A chronicle of the last great American showman, filmmaker William Castle, a master of ballyhoo who became a brand name in movie horror with his outrageous audience participation gimmicks.
We’re back from vacation. The 40oz. Of Horror Podcast was absent last week, but with good reason — Chad was MIA while visiting Eli Roth’s Goretorium. Is it worth the cost of admission? Chad has the answer.
Are Netflix original series worthy of marathon viewings? Chad and James go toe-to-toe and duke it out over original on-demand television — what is your opinion?
In WTF News, we talk about a company who will mail your enemies… well, something brown and smelly. And of course we have tons of horror news to catch you up.
Also, we must apologize for the drunken shitshow that was last episode. If you were drinking along, sorry for your hangover.
86-year-old Roger Corman is gearing up for a slate of remakes. The B-movie king tells the Hollywood Reporter that he’s making new versions of eight low-budget horror films based on stories by 19th century American writer Edgar Allan Poe that he adapted and directed in the 1950s and ’60s.
House of Usher will be followed by The Pit and the Pendulum, Premature Burial, Tales of Terror, The Raven, The Hunted Palace, The Masque of the Red Death and The Tomb of Ligeia.
This time, Corman will produce but not direct the films, with the first to shoot in 2013, followed by two a year after that on budgets of $2 million to $2.5 million (the originals were shot for $250,000 to $350,000, not adjusting for inflation, on 15-day schedules).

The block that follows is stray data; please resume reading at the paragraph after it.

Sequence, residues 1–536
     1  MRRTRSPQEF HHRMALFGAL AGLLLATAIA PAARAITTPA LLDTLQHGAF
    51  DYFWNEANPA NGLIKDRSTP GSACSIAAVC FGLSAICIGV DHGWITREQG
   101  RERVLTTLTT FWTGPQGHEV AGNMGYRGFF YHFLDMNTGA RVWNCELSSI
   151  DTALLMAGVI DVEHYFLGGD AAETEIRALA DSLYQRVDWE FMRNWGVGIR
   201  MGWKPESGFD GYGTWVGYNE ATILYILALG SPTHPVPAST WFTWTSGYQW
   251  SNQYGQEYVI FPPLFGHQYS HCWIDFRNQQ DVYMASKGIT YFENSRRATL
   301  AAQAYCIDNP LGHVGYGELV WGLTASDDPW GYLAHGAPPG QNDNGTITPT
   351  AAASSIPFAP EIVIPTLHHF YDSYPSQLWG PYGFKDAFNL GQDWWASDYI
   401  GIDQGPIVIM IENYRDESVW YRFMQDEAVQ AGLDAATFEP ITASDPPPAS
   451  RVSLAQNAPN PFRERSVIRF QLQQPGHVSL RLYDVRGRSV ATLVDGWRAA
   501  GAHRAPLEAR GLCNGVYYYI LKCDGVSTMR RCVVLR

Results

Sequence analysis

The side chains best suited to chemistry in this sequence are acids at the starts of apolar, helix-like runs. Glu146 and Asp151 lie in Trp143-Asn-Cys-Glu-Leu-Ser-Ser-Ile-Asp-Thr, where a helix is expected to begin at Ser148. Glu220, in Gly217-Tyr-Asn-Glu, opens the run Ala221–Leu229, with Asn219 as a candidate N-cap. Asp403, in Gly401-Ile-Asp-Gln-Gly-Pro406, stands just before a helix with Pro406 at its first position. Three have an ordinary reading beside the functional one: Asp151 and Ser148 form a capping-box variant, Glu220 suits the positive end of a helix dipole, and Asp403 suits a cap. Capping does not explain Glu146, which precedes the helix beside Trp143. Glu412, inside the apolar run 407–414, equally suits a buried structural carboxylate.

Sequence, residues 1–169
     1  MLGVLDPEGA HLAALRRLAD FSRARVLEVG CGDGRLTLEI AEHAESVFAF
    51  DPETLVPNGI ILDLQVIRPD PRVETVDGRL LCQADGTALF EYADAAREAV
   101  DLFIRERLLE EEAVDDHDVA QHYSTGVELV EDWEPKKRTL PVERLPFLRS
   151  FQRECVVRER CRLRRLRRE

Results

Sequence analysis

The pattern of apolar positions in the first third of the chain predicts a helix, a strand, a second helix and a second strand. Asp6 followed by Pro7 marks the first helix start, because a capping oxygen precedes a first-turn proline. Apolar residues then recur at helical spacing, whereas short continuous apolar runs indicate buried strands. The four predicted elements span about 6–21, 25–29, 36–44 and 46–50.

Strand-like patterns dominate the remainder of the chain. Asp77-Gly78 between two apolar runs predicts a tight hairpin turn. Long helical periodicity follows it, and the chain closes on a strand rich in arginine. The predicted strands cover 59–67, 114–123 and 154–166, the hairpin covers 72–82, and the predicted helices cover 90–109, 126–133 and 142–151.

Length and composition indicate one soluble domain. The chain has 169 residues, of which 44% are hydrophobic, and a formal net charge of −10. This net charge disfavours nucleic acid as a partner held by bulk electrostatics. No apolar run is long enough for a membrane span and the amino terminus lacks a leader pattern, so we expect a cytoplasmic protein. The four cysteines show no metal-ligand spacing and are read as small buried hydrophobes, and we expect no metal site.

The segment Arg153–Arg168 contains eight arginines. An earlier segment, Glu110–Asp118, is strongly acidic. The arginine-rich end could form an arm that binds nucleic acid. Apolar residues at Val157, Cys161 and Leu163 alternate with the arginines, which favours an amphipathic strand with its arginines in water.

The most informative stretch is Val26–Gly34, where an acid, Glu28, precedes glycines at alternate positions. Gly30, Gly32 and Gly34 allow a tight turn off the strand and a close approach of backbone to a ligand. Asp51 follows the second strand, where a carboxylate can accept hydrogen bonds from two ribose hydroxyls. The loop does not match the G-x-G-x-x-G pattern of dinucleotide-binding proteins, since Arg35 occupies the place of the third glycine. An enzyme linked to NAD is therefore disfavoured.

The new productions will be self-financed by Corman’s New Horizons Productions, which will give the films at least a short domestic theatrical release and offer international rights at the American Film Market.
Corman says his biggest concern is replacing his legendary leading man Vincent Price, who died in 1993. Corman hopes to find a fiftysomething actor known from TV who, he says, can bring the same level of “sensitivity and neuroticism that Vincent was able to bring.” READ MORE
Reviewed by Patrick Cooper
Bruce D. Clark’s Corman-produced Naked Angels was released two months after Easy Rider and I have a strong hunch they rushed through shooting and editing to cash in on the seminal hippy-biker film. Corman had set the outlaw biker bar high three years earlier with The Wild Angels and then Easy Rider successfully infused the genre with the hippy sensibilities of the time. Naked Angels takes this artsy-hippy approach and combines it with the best and worst aspects of the outlaw biker genre.